Glutamate + malate respiration  8.2 ± 0.9  7.2 ± 1.5 P < 0.05 
Succinate respiration  10.3 ± 2.1  9.8 ± 3.1 NS 
Table 2

CuZn- and Mn-SOD dismutase levels in ultra-turrax homogenate fractions of skeletal muscle of patients with SALS and spinal muscular atrophy (SMA)

Enzyme Controls (n = 15) SMA (n = 2) SALS (n = 15) 
The enzyme levels, expressed in μg/g wet weight, were determined as described in Subjects and methods. NS = not significant. 
CuZn-SOD supernatant 2410 ± 627 3076 ± 891 2389 ± 289 
  NS NS 
CuZn-SOD pellet  156 ± 46  151 ± 41  162 ± 33 
  NS NS 
Mn-SOD supernatant 2254 ± 948 2287 ± 802 1945 ± 792 
  NS NS 
Mn-SOD pellet 1685 ± 357 2088 ± 602 1208 ± 400 
  NS P < 0.01 
Enzyme Controls (n = 15) SMA (n = 2) SALS (n = 15) 
The enzyme levels, expressed in μg/g wet weight, were determined as described in Subjects and methods. NS = not significant. 
CuZn-SOD supernatant 2410 ± 627 3076 ± 891 2389 ± 289 
  NS NS 
CuZn-SOD pellet  156 ± 46  151 ± 41  162 ± 33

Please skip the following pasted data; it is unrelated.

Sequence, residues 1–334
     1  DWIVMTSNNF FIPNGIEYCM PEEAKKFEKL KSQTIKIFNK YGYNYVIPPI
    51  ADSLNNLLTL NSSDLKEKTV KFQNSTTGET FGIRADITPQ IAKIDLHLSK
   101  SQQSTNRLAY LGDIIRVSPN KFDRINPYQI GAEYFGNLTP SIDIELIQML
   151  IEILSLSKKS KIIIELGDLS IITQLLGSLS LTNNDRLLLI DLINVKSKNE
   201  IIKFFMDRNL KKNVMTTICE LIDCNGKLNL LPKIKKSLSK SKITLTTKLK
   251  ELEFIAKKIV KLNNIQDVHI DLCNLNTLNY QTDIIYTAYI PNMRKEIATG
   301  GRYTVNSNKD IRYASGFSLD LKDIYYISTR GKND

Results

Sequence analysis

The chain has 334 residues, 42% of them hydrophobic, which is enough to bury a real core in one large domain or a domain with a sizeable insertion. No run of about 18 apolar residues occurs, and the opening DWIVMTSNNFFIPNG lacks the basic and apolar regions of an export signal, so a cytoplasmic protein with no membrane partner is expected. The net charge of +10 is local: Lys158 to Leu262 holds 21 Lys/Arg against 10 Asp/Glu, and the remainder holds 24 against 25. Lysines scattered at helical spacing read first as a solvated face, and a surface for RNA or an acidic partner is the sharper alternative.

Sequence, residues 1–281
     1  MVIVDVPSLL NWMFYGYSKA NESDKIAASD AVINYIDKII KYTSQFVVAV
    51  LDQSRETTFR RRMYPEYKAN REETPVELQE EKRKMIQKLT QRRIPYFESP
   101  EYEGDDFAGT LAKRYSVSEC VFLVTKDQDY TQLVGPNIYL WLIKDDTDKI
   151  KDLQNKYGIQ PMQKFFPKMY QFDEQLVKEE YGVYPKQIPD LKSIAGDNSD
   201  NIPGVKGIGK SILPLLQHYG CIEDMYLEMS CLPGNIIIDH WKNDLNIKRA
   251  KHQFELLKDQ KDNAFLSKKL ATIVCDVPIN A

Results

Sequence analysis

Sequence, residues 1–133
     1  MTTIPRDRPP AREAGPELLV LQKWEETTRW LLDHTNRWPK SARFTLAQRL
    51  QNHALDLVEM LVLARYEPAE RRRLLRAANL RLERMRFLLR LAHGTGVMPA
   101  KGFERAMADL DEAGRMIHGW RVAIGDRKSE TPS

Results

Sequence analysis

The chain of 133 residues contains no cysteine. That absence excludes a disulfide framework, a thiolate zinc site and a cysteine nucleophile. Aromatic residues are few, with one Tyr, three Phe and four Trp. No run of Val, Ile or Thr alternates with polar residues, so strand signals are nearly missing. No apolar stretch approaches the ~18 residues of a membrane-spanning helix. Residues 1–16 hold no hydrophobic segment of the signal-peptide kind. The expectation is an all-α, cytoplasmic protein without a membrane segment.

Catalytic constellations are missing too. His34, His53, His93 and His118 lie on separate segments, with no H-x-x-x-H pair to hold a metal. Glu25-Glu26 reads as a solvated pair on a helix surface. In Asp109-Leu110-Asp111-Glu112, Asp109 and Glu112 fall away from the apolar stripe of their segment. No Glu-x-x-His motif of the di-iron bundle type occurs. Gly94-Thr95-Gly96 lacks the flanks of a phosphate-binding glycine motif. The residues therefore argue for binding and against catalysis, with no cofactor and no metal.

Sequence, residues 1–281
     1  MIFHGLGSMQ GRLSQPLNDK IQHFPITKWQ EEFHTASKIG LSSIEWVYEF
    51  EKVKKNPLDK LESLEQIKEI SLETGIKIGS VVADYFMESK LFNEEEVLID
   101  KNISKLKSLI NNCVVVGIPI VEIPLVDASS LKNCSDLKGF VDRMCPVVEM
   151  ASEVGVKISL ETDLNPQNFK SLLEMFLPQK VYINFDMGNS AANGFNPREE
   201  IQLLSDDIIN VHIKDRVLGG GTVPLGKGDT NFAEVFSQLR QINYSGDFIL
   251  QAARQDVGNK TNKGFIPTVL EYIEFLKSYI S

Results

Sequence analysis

NS NS 
Mn-SOD supernatant 2254 ± 948 2287 ± 802 1945 ± 792 
  NS NS 
Mn-SOD pellet 1685 ± 357 2088 ± 602 1208 ± 400 
  NS P < 0.01 
Fig. 1

Muscle histology of a 58-year-old SALS patient. Different staining methods were correlated directly in consecutive sections. Overview illustrating NADHTR (A), SDH (B) and COX (C). Four different staining patterns are present. Asterisk = COX-negative muscle fibre (COX/SDH+/NADH+); arrow 1 = COX-negative core structure (COX/SDH/NADH+); arrow 2 = COX-negative core structure (COX/SDH+/NADH); large arrow = COX-negative core structure (COX/SDH/NADH); bar = 17.7 μm.

Fig. 1

Muscle histology of a 58-year-old SALS patient. Different staining methods were correlated directly in consecutive sections. Overview illustrating NADHTR (A), SDH (B) and COX (C). Four different staining patterns are present. Asterisk = COX-negative muscle fibre (COX/SDH+/NADH+); arrow 1 = COX-negative core structure (COX/SDH/NADH+); arrow 2 = COX-negative core structure (COX/SDH+/NADH); large arrow = COX-negative core structure (COX/SDH/NADH); bar = 17.7 μm.